BOISE — At the southern end of the Vista neighborhood, 60 acres of undeveloped farmland present a range of possibilities for neighbors, the property owners and developers alike.
On Monday, the Vista Neighborhood Association sent an open letter to the city of Boise requesting that Mayor Dave Bieter focus city resources on purchasing all or part of the parcel in order to turn it into a park. The letter pointed to a 1999 comprehensive plan for the neighborhood that found that section of the neighborhood is deficient in parks. It also cited the importance of open space to a rapidly growing community.
But city officials and the Simunich family that owns the land said building a park on the site is not so simple.
Vista Neighborhood Association President Henry Wiebe heard about potential development on the parcel and inquired further. He eventually filed a records request for city emails related to the property and turned up conversations that happened in late 2017 in which a Simunich family representative offered to sell the property to the city. An Oct. 23, 2017, email from Parks and Recreation Director Doug Holloway inquiring about the sale to Bieter and his Chief of Staff Jade Riley went unreturned, and Wiebe alleges in his letter to the city this meant the city ignored the proposal and bypassed on a new park for the neighborhood.
“Mayor/Jade, looks like the Simunich property is going to become available again,” Holloway’s email, which the Idaho Press obtained from Wiebe, stated. “I realize we have no funding and are not considering or accepting future projects. I can meet with them to see if a donation is a possibility, but my message will be we have no funding to purchase unless you say different.”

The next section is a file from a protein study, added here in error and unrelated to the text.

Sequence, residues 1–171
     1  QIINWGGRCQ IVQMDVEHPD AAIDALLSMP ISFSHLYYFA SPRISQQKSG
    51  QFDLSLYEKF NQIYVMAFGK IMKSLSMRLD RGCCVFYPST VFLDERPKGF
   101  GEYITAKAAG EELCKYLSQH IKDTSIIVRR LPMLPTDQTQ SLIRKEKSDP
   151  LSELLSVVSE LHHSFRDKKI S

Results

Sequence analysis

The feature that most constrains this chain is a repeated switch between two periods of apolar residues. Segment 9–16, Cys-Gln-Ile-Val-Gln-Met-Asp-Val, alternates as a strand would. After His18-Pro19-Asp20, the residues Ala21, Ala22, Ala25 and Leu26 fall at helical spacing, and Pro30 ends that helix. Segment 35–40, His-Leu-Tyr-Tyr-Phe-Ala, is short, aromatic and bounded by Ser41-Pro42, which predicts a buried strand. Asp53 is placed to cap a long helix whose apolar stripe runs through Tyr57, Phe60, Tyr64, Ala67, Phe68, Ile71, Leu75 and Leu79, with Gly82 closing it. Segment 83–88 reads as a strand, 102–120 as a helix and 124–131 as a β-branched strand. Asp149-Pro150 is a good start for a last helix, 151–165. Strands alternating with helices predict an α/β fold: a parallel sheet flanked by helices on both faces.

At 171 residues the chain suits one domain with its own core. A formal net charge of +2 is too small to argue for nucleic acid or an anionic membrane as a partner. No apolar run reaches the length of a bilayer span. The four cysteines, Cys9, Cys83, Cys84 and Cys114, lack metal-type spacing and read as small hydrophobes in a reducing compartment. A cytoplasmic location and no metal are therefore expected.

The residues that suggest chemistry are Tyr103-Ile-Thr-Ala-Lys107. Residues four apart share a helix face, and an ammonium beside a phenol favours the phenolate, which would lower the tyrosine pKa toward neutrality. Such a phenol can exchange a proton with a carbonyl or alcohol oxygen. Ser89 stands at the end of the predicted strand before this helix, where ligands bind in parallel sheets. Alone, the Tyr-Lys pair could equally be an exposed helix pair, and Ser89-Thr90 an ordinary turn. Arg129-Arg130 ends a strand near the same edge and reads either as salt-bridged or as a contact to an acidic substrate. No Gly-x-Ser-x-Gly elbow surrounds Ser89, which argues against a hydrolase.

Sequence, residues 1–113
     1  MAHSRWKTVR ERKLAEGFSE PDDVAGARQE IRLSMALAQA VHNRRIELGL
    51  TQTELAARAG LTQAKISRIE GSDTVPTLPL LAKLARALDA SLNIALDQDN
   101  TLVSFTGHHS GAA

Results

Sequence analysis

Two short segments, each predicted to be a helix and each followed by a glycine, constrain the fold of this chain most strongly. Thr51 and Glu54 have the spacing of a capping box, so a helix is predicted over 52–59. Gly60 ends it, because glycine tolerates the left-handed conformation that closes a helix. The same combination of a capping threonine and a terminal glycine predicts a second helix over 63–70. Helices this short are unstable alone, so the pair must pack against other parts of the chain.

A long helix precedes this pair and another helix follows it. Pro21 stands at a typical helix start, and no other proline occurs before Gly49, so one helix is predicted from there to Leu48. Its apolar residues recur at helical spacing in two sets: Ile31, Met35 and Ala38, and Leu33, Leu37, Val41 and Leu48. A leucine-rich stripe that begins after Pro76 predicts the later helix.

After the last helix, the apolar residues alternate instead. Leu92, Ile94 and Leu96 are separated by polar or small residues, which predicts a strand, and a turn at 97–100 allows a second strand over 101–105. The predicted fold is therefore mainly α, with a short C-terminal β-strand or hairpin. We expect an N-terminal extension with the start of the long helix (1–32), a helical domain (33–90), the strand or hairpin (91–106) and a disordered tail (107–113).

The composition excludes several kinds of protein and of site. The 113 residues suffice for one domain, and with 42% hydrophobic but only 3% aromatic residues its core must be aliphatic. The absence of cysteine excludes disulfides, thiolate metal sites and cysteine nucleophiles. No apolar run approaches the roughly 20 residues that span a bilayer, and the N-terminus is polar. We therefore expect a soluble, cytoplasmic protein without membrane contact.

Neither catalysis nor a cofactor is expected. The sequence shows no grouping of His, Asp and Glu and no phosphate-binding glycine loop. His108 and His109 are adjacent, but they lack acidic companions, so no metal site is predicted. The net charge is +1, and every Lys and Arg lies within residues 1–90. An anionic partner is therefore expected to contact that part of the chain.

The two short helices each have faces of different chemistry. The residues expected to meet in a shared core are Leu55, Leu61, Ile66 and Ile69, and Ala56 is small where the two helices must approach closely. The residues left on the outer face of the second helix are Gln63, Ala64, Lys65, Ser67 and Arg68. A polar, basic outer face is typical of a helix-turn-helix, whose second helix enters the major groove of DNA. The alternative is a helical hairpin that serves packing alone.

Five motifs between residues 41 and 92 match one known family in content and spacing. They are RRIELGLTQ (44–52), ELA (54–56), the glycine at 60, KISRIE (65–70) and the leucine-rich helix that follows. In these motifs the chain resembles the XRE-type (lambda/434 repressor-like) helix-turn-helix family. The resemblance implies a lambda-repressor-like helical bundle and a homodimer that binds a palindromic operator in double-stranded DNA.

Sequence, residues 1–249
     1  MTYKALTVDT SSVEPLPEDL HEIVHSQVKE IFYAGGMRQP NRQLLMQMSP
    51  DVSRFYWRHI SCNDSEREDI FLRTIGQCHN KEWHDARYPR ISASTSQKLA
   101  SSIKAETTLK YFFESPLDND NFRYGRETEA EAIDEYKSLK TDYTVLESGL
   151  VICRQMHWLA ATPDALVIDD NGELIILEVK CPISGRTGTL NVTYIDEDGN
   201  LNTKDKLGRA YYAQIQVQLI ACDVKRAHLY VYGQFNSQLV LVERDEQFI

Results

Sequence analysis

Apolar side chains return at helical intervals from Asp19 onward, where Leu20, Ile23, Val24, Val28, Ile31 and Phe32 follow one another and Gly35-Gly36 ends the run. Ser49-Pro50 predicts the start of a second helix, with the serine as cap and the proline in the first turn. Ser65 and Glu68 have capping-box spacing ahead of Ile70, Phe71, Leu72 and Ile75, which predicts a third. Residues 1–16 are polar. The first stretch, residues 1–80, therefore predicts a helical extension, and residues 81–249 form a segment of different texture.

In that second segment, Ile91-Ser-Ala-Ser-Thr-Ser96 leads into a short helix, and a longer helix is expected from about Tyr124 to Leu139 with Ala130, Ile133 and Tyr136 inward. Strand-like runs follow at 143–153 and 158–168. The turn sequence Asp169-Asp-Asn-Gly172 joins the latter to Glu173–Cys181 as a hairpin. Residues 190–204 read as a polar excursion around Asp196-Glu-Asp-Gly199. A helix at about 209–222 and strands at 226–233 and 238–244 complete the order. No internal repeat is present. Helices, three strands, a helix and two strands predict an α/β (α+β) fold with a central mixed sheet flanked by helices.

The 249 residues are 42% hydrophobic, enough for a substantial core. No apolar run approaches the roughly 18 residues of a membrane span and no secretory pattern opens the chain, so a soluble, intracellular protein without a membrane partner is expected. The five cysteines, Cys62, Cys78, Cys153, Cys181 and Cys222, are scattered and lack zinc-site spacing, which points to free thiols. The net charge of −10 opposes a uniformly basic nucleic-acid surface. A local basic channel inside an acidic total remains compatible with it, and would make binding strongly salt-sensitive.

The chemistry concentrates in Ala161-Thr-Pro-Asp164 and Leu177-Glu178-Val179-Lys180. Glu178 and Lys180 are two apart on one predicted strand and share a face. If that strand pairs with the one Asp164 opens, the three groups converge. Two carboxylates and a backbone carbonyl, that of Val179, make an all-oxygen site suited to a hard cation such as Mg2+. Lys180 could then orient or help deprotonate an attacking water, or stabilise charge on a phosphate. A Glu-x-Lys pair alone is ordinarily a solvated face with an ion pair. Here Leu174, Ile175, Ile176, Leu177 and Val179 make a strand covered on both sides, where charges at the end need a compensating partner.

When asked about the possible park, city spokesman Mike Journee pointed to a Nov. 16, 2017, email in which Parks Superintendent Jennifer Tomlinson reached out to Andy Mehl from the Simunich family to ask what the selling price for the property would be. She received no response, Journee said.
“We did get back to them and there was not a response at that point,” Journee said. “Because we had other things and if they didn’t respond to that, perhaps it wasn’t a top priority for them. So we focused on other things.”
Mehl said he did not remember receiving an email from the city inquiring about the price. Instead he said the family was working toward subdividing the parcel so part of it could be sold for development. This application was filed in May of last year, but it expired after the 33 different family owners of the property tried to work out how to proceed.
“We’ve had several offers made on it, but as of yet we haven’t accepted any of them,” he said. “We had quite a few offers, everything from cash to wanting terms and wanting approval from the city before going forward.”
City emails obtained through a records request by Wiebe found preliminary conversations between city staff and a representative from the Conger Management Group in spring 2018 about the possibility of putting 250 homes on 40 acres of the parcel. However, plans for the subdivision were not submitted formally to the city, and the parcel is still for sale.
Currently Vista only has Shoshone Park, located on the western edge of the neighborhood. Wiebe said the lack of open space in the area should be prioritized by the city as the Boise Bench and other neighborhoods get developed with infill projects, leaving residents increasingly boxed in.
“Open space and parks are what binds community,” he said. “It’s what flattens socioeconomic interactions. And as this city continues to impose their will in changing code and development direction for greater development density to obtain cheaper housing options for all of the people who want to move here, there is a deep need to create more parks.”